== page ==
This installment of the Treasures & Trinkets-series clocks in at 11 pages, 1 page front cover, 2 pages of advertisement, 1 page back cover, 1 page SRD, 1 page editorial/ToC, leaving us with 5 pages of content, so let’s take a look!
Now treasure is not and should not be equal to other treasure. From strange pictures to sculptures and elaborate tobacco pouches, there are a lot of objects to which value can be ascribed. As such, the pdf goes a different route than one would expect – the first 3 tables, each of which is 20 entries strong and lists sample pieces of art, from black pottery vases to wall mirrors and rugs of white gorilla fur. These cover a lot of ground, but unlike many dressing files, they actually are governed by general price – 25 gp, 250 gp and 750 gp values each have their own table. The art objects worth 2500 gp and 7500 gp also get their own tables, each of which are btw. 10 entries strong.
Really cool – there is a mini-table of value modifiers – 4 different results on that table can yield worse or better prices for the objects, allowing you to get even more out of the material herein. So, the art aspect works pretty well – then what about those gemstones?
Well, first, we receive a small glossary of up to 4 different gem types – from translucent to opaque, the respective categories are clearly defined. We begin with two d12-entry-strong tables of the least valuable stones, gaining a d10-table for those worth 100 gp, a d6 table for gems worth 500 gp, a d8-table for gems worth 1000 gp and finally, a 4-entry-strong table of gems worth 5K gp…though that table is erroneously headed by a d6 instead of a d4 in a minor hiccup. The different qualities of gemstone allow for an even more detailed modification of base prices via a d10-table, once again getting more mileage out of every single entry.
The pdf does go on step beyond all of these, though: On the last pages, reputedly magical effects of gemstones that may or may not be true can be found and add a nice sense of magic and cohesion to the subject matter. Additionally, there is a final table that consists of two parts, both of which are 12 entries long: The first lets you determine a special property for the gemstone, while the second presents a complication and/or opportunity: From significant sizes to strange cuts and mystical glowing, the special appearances are nice – and from trapped adventurers to fakes or acting as keys, the latter similarly are interesting.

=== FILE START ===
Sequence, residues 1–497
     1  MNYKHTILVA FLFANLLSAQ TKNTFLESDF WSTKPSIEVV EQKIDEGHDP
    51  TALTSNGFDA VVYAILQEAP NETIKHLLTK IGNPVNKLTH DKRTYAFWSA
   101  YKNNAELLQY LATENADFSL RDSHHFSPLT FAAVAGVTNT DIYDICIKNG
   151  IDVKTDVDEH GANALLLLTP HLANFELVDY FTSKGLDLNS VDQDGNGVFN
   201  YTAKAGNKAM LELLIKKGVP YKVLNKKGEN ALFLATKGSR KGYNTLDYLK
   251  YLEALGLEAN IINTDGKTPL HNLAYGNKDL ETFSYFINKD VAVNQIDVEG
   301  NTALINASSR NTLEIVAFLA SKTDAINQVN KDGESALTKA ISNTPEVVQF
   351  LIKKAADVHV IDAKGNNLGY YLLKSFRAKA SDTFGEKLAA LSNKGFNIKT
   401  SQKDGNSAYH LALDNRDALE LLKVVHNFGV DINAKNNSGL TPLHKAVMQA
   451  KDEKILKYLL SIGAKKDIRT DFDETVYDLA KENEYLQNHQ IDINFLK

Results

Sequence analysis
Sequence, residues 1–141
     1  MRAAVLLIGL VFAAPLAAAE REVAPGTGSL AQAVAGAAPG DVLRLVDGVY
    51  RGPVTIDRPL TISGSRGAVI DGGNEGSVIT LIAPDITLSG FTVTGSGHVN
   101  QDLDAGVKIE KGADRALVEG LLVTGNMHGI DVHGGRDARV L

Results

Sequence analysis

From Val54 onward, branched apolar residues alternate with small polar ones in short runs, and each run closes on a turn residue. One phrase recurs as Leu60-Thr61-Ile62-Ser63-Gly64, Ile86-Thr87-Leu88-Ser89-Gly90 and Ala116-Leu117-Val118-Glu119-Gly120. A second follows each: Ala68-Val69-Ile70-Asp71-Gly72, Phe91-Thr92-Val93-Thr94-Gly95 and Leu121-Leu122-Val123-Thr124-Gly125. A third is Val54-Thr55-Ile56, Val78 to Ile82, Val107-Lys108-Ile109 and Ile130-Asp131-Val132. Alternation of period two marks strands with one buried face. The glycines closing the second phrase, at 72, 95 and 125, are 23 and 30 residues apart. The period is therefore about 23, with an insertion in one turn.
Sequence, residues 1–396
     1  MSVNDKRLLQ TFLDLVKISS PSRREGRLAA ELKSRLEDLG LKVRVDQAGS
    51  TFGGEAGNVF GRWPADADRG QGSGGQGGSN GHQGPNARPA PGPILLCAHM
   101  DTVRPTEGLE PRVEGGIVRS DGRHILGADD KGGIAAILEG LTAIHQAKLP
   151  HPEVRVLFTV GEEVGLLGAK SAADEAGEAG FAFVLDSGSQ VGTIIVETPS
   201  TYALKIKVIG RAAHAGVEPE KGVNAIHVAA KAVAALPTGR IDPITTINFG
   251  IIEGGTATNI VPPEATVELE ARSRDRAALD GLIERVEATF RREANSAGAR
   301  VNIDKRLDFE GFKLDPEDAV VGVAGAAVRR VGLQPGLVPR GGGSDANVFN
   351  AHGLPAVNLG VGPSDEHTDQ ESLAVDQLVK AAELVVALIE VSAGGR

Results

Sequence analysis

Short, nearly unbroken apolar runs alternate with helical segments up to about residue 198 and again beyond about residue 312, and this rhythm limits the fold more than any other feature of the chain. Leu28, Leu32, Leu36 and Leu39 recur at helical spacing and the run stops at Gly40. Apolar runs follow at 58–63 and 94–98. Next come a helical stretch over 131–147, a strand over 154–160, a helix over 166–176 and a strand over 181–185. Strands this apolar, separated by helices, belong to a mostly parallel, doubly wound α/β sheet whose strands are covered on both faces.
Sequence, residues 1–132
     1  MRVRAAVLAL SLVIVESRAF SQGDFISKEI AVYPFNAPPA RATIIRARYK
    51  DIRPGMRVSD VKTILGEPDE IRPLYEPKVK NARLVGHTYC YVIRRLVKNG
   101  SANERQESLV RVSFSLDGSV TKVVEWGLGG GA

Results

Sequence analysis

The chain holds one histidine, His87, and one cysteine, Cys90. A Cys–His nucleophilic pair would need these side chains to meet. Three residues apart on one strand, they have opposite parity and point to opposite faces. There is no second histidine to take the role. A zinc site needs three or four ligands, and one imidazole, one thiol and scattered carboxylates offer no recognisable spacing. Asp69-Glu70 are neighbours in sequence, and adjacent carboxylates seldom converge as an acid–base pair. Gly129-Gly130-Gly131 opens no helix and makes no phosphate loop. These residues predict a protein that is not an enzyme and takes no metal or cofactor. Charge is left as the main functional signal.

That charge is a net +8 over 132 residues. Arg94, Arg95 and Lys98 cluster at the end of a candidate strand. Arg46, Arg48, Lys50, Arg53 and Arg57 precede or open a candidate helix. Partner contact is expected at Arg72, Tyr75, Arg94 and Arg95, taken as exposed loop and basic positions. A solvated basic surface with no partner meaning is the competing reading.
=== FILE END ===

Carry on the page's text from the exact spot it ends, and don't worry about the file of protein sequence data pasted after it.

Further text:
Editing and formatting are very good, I noticed no significant hiccups. Layout adheres to RagingS wan Press’ elegant two-column b/w-standards with nice b/w-artworks. The pdf comes fully bookmarked for your convenience and in two versions – one optimized for screen-use and one that has been optimized for the printer- kudos!
Richard Green’s Treasures & Trinkets – installment regarding art and gems is an inspired little dressing file – that holds true in the system-neutral version as well. This is basically identical to the 5e-version, with only the evaluating DCs to determine the prices purged. This is not bad, mind you – the resulting pdf still provides a ton of mileage, but I couldn’t help but wonder is some sort of additional option for the system-neutral version wouldn’t have been prudent here. If you’re playing both 5e and OSR material, you may thus want to go for the 5e-version; if, however, you absolutely loathe system-relevant material…well, then this one if the file to go for. For me, this iteration has a tiny bit less to offer, which is why it will “only” receive a final verdict of 5 stars – this pdf still very much represents a fantastic offering for the price-point, though.
You can get this cool pdf here on OBS!
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